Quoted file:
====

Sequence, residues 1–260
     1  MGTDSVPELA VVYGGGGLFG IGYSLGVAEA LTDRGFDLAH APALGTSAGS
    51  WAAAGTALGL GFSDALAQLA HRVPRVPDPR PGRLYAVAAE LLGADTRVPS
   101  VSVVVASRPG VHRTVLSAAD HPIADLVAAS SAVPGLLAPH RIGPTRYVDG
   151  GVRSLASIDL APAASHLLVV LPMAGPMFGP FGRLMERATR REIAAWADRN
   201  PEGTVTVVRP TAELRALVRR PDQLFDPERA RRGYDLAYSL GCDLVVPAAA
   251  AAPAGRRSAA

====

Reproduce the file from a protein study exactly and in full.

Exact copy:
Sequence, residues 1–260
     1  MGTDSVPELA VVYGGGGLFG IGYSLGVAEA LTDRGFDLAH APALGTSAGS
    51  WAAAGTALGL GFSDALAQLA HRVPRVPDPR PGRLYAVAAE LLGADTRVPS
   101  VSVVVASRPG VHRTVLSAAD HPIADLVAAS SAVPGLLAPH RIGPTRYVDG
   151  GVRSLASIDL APAASHLLVV LPMAGPMFGP FGRLMERATR REIAAWADRN
   201  PEGTVTVVRP TAELRALVRR PDQLFDPERA RRGYDLAYSL GCDLVVPAAA
   251  AAPAGRRSAA